Friday, October 26, 2012

Frankenstorm and the Boy Who Cried Wolf

[UPDATED Oct. 27]

It's interesting to watch other people's weather when you live in a place like southern Arizona, where the only real changes in weather are from "nice and warm" to "nice and really, really hot."

So here we go once again with all this media carrying-on about the apparently approaching East Coast Storm of a Lifetime, or Frankenstorm, or whatever the TV dramatists are calling it now.

Remember the Boy Who Cried Wolf.  That's kind of what happened on the Northeast Seaboard in 2011. The lesson is apt, because this storm is looking like the real thing, and people who shrug it off may have some 'splaining to do.

Remember August 2011, when a good chunk of the coastal areas of New York City and the New Jersey coast were ordered evacuated by the imperious New York mayor, Michael "Hurricane Mike" Bloomberg and the combative New Jersey governor, Chris "Thar She Blows!" Christie? Turned out that except for flooding in upstate Pennsylvania and New York State, there was no emergency of a degree sufficient to get as excited as these two did. It just rained.

This one could peter out too, though as I said, it sure looks real from here in the Sonoran desert.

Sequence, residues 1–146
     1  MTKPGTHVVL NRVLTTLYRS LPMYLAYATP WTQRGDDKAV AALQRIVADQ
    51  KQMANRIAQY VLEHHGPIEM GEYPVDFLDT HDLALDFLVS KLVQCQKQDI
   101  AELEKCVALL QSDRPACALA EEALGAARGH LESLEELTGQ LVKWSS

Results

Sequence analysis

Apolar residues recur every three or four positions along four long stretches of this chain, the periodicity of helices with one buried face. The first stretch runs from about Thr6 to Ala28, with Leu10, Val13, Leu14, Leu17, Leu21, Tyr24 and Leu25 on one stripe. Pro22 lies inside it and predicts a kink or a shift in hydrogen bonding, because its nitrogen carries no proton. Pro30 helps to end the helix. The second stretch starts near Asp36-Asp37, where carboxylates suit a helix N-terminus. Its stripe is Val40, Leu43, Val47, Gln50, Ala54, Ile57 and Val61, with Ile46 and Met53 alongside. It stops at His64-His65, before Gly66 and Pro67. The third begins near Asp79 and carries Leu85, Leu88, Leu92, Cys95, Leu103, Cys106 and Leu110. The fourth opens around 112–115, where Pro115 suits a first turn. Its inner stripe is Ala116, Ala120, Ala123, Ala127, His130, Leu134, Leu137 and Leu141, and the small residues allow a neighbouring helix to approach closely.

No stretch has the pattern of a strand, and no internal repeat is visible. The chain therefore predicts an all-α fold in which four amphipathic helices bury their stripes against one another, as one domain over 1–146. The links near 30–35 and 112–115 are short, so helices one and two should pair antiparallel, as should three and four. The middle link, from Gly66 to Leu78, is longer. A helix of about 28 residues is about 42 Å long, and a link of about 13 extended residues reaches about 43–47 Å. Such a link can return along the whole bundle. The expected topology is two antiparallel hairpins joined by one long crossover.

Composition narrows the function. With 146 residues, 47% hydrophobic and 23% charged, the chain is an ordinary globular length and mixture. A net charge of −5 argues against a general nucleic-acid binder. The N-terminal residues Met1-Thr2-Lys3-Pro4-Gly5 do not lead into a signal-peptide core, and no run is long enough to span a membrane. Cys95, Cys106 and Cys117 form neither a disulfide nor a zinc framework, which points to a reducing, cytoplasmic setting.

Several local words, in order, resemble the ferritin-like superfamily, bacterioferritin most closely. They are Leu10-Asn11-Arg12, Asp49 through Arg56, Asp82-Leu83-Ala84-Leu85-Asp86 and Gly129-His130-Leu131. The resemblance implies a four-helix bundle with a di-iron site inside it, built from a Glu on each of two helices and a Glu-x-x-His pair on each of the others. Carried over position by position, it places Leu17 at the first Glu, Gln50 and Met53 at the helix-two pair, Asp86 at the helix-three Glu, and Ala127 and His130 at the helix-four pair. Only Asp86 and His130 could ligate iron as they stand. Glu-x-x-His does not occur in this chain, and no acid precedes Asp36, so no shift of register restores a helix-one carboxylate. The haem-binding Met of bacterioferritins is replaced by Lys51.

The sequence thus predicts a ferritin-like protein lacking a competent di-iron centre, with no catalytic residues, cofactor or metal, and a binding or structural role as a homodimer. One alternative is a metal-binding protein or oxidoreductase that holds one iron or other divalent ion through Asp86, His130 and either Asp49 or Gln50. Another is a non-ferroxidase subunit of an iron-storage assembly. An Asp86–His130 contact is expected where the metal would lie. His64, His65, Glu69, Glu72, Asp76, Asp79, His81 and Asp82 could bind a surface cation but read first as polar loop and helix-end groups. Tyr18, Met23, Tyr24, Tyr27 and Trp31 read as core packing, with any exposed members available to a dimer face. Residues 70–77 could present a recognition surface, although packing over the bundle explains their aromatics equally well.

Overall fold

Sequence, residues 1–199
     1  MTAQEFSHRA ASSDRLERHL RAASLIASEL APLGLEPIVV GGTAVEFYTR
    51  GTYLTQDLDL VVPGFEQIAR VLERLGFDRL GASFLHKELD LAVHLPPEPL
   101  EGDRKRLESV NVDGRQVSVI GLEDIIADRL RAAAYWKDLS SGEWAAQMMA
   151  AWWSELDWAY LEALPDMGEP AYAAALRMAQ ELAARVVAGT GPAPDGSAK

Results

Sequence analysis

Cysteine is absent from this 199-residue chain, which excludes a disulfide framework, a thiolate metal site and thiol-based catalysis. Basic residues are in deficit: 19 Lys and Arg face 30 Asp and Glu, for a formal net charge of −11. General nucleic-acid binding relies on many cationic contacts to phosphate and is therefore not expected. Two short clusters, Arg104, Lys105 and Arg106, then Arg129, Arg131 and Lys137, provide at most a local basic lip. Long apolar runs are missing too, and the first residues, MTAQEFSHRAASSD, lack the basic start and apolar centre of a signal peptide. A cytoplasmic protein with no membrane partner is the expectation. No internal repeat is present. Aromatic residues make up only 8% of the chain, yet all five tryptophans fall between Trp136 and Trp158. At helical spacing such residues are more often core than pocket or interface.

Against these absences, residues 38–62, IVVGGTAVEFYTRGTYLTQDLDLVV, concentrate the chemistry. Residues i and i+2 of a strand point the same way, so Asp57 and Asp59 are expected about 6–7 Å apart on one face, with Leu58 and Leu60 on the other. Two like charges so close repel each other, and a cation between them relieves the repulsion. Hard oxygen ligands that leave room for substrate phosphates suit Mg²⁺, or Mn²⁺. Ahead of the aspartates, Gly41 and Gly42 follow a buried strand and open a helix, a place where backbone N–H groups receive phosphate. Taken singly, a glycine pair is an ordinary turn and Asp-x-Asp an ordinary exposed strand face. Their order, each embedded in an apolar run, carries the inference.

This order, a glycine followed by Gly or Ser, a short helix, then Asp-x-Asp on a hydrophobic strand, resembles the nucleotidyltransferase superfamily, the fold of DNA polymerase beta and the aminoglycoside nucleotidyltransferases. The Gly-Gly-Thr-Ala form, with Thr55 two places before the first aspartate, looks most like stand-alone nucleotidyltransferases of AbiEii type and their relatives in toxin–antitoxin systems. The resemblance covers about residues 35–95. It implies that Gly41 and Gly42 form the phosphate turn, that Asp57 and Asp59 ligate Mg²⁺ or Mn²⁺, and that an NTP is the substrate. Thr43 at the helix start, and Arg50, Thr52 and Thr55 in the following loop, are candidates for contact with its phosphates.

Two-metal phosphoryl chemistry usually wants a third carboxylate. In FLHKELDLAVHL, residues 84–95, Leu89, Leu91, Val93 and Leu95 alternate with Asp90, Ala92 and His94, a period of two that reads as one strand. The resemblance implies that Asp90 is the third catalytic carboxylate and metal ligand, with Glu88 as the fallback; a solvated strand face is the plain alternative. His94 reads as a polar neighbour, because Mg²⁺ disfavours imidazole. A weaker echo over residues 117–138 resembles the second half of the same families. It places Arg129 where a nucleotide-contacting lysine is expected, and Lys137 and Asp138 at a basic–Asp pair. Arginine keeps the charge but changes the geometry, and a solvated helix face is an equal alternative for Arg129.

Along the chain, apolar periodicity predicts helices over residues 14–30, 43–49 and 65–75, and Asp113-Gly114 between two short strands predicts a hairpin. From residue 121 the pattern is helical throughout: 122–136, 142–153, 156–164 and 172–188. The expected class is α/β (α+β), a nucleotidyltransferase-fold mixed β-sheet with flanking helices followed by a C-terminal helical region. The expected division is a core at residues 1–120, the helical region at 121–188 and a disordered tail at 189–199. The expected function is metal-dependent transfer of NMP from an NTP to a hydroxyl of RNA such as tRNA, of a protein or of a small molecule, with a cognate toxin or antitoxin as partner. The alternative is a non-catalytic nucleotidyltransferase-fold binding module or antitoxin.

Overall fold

You never know, given the degree to which the media will turn on the hysteria pipes at the least excuse. You know it's coming at you full blast when some TV reporter informs you that the supermarkets are running out of toilet paper. (Why can't people take some clues from the prudent Mormons, and maintain well-stocked off-the-grid home supply caches in case of the Second Coming or whatever it is they're preparing for?)

As of now, "Thar She Blows" Christie, who ordered New Jersey's coastal areas to evacuate as Hurricane Irene hysteria mounted in 2011, is playing it less dramatic. "I encourage all families to stay informed, get ready, and reach out to those you know who may be isolated, or in need of extra assistance," Christie tweeted today.

[UPDATE: Christie today ordered the Jersey Shore barrier islands evacuated. Most of New Jersey's seashore communities aere on those narrow, storm-vulnerable barrier islands just off the coast. And those islands haven't been tested in a major direct-hit hurricane/severe winter-like storm since the 1960s, way before most of them became extremely developed.]

This is going to be interesting.

Meanwhile, if you're planning to fly anywhere near the Northeast early next week, I have some advice:


The air travel system -- which the airlines have been allowed to shrink to the point where there is absolutely no slack to handle disruptions -- is likely to descend into chaos.


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